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Laplace transforms to solve initial value DE / partial fractions

  1. Sep 20, 2013 #1
    Hey guys, i have read many posts on physics forums but this would be my first post. I am quite stuck so any help would be much appreciated.

    1. The problem statement, all variables and given/known data

    Use Laplace transforms to solve the initial value problem:

    f''(y) + 4f'(y) +8y = u(t-1) where y(0) = 1 and y'(0) = -1

    Solve this problem using laplace transforms, showing all steps in your reasoning. State the solution y(t) for each of 0<t<1 and t>1, then sketch it over the range 0<= t <= 10, noting its main features.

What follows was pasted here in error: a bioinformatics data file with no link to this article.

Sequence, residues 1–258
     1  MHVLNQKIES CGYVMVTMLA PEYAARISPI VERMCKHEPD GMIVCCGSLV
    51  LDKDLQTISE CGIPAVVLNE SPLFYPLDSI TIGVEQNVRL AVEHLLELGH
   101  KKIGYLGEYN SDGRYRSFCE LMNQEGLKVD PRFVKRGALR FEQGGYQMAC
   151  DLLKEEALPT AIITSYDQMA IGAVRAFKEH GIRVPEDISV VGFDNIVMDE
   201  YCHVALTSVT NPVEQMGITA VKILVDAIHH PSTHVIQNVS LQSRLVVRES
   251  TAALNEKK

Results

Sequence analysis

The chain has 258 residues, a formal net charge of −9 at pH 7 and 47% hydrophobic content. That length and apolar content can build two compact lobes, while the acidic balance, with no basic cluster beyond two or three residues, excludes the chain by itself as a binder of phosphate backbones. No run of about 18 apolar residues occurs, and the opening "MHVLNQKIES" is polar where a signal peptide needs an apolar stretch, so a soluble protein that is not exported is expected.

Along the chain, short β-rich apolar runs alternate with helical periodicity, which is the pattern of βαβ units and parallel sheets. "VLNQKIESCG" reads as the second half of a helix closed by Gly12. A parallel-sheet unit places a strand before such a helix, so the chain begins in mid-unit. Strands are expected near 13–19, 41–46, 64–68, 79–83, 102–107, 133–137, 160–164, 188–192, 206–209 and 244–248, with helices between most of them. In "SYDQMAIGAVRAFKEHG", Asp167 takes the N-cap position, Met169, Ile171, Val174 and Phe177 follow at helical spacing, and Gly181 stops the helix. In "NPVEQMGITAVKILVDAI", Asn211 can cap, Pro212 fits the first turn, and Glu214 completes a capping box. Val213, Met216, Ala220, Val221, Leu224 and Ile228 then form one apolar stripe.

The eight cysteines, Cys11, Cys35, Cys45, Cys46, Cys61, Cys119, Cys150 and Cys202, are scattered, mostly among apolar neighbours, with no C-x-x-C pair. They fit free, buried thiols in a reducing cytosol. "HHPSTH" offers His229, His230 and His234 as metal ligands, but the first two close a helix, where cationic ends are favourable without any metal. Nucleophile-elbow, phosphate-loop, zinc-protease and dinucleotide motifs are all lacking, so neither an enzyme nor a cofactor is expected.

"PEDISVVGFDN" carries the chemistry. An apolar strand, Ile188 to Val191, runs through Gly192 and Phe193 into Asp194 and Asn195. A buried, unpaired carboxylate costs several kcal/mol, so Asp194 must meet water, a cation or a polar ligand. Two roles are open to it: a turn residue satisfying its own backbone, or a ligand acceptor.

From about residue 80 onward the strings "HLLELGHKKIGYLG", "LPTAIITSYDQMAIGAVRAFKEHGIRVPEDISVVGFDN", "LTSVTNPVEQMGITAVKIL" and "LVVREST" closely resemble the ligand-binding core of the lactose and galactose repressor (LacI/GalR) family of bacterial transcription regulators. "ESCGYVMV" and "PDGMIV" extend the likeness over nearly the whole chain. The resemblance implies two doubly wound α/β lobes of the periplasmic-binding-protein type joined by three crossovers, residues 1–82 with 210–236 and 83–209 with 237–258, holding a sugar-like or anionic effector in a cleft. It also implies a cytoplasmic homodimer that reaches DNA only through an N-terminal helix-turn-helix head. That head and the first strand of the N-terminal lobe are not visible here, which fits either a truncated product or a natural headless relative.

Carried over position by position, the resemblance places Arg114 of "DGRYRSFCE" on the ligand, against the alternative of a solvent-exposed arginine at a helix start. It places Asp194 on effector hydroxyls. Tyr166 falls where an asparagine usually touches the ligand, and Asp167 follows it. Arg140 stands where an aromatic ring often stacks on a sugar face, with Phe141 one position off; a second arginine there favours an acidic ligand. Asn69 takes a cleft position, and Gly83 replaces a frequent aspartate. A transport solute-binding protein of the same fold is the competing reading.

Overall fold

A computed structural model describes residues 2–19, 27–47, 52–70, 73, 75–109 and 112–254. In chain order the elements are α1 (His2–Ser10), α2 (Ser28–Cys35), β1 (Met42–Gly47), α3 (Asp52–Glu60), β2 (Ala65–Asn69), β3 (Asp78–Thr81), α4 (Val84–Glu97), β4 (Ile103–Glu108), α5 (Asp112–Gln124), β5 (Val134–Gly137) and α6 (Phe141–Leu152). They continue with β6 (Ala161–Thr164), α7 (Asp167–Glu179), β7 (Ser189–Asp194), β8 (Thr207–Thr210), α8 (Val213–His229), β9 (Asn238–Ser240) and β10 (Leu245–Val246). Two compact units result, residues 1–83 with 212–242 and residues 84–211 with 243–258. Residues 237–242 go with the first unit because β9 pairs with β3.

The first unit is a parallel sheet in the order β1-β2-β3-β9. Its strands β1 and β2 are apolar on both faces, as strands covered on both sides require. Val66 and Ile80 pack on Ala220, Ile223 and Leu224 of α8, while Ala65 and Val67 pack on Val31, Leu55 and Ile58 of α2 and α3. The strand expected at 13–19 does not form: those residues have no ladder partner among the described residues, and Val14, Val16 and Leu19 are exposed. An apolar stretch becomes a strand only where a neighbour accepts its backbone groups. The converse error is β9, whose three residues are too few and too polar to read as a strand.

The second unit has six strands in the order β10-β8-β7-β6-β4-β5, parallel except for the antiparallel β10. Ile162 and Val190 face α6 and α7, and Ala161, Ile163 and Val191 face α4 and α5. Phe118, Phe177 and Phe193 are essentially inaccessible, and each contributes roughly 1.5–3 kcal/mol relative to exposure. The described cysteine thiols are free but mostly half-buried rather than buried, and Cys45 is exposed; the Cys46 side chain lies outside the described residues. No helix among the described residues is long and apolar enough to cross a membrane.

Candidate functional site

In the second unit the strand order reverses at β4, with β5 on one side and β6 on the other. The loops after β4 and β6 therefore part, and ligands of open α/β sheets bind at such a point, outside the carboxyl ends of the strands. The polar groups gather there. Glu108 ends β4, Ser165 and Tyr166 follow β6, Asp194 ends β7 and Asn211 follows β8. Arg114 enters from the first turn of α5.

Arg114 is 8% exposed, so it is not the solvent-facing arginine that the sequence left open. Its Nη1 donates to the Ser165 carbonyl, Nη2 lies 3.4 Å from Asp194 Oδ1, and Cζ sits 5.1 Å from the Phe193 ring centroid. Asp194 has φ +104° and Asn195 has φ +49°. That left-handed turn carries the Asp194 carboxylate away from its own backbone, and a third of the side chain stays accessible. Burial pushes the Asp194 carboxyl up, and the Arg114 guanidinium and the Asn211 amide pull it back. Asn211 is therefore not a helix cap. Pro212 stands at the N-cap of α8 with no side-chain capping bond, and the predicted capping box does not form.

2. Relevant equations

    3. The attempt at a solution

    I have gotten up to F(Y) = (e^-s + s^2 + 3s)/(s(s^2 + 4s+8))

    However, from here i am not sure what to do. I tried taking the partial fractions of:

    1/(s(s^2 + 4s+8))

    but am getting very confused. Again any help would be much appreciated. Cheers
  2. jcsd
  3. Sep 21, 2013 #2


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    Staff Emeritus
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    Homework Helper

    Why don't you break F(Y) down into the sum of its various components?

    E.g., D = (s(s^2+4s+8))

    F(Y) = (e^-s)/D + s^2/D + 3s/D

    You can tackle each term individually.

    PS: finding the PFE of 1/D doesn't help.
  4. Sep 21, 2013 #3


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    The denominator is [tex]s(s^2+4s+ 8)= s(s^2+ 4s+ 4+ 4)= s((s+ 2)^2+ 4)[/tex] so you can use "partial fractions to write that as [tex]\frac{A}s+ \frac{Bs+ C}{(s+2)^2+ 4}[/tex].
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